‘Frustrated’ nanomagnets order themselves through disorder

Departments: Applied Physics
Extremely small arrays of magnets with strange and unusual properties can order themselves by increasing entropy, or the tendency of physical systems to disorder, a behavior that appears to contradict standard thermodynamics—but doesn’t. 
“Paradoxically, the system orders because it wants to be more disordered,” said Cristiano Nisoli, a physicist at Los Alamos and coauthor of a paper about the research published today in Nature Physics. “Our research demonstrates entropy-driven order in a structured system of magnets at equilibrium.”
The system examined in this work, known as tetris spin ice, was studied as part of a long-standing collaboration between Nisoli and Peter Schiffer at Yale University, with theoretical analysis and simulations led at Los Alamos and experimental work led at Yale. The research team includes scientists from a number of universities and academic institutions.
Nanomagnet arrays, like tetris spin ice, show promise as circuits of logic gates in neuromorphic computing, a leading-edge computing architecture that closely mimics how the brain works.  They also have possible applications in a number of high-frequency devices using “magnonics” that exploit the dynamics of magnetism on the nanoscale.
Entropy is the measure of the state of disorder, randomness or uncertainty in a physical system. A liquid, for instance, has high entropy because at warm temperatures—high energy— its molecules are free to move around in a random, disordered way. 
But when liquids are cooled to form solids, the molecules calm down and order themselves through interactions to optimize their energy. They can arrange themselves in a crystal lattice in only a limited number of configurations. This lowers their entropy: they are highly ordered.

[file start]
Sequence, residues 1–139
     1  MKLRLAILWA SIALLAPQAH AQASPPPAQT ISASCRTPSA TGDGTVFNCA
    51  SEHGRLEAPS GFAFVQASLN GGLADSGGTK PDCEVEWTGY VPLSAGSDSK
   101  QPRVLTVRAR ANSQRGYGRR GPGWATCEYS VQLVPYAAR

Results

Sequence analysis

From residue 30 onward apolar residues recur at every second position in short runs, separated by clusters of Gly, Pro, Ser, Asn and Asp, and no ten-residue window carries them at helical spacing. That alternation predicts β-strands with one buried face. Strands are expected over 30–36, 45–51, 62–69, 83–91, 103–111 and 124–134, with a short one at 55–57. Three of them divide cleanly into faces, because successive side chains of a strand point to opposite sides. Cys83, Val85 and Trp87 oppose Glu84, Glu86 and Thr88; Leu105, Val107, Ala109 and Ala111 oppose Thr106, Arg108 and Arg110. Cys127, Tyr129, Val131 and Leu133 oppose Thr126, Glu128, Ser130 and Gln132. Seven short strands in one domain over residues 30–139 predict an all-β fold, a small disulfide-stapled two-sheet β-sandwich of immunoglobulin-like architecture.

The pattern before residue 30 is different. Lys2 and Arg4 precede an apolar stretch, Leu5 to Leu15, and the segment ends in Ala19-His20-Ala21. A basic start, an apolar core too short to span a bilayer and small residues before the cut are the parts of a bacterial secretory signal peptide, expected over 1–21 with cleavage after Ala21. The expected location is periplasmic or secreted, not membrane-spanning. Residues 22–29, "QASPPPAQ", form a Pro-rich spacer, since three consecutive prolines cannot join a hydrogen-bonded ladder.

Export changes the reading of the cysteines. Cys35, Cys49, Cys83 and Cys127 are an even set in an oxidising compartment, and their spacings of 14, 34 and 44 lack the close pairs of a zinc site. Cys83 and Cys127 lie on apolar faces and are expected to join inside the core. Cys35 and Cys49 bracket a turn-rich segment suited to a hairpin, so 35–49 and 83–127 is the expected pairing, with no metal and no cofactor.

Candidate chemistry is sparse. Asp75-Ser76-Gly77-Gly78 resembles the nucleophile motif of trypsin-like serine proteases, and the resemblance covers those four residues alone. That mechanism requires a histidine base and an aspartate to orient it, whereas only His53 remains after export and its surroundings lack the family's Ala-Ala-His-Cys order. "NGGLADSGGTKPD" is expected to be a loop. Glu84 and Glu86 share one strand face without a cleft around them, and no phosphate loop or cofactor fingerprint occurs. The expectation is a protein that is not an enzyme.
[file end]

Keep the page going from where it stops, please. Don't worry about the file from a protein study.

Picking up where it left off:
Some systems, however, are not so simple. Parts of the system settle in an orderly way, but others don’t. These “frustrated” systems retain disorder.
Tetris spin ice, which is composed of a 2D array of very small magnets that interact but are frustrated, is a strange mix of the two cases. The magnetic pole orientations are frustrated in such way that the system retains some order while remaining disordered.  At low temperature it decomposes into alternating ordered and disordered stripes.
The apparent paradox of increasing entropy with increasing order is resolved by the entropic interaction between the alternating layers. By mutual ordering of the ordered stripes, the system increases the disorder in the other stripes. Thus, order happens without any decrease in energy, but via an increase in entropy. 
By applying modern imaging methods, Schiffer was able to observe and recognize the nanomagnets’ unique changes.
“Modern microscopy lets us use x-rays to take a picture of how each of the hundreds of nanomagnets has its north and south poles pointing, and we can “watch” the poles flip back and forth as the temperature changes,” Schiffer said. “This allows us to understand the entropy of the system in a very detailed and unusual way.”
“No law of thermodynamics is truly broken,” Nisoli said. “The concept that systems order by reducing entropy applies to most systems, but, as we show, not to all. Our system is exotic and behaves counterintuitively, with an increase of entropy, a measure of disorder, being the driver of visible order.”
The research team comprised members from Lawrence Berkeley National Laboratory, Los Alamos, Seagate Technology, University of Illinois at Urbana-Champaign, University of Liverpool, University of Minnesota, Wayne State University and Yale. 
Additional Yale co-authors of the study were former Yale postdoctoral associate Hilal Saglam, now at Princeton University, associate research scientist Nicholas Bingham, Ph.D. student Xiaoyu Zhang, and current Yale undergraduates Nikhil Harle ’23 and Aikaterini Kargioti ’23.
The research was supported by Laboratory Directed Research and Development at Los Alamos National Laboratory and U.S. Department of Energy Office of Basic Energy Sciences, and the National Science Foundation.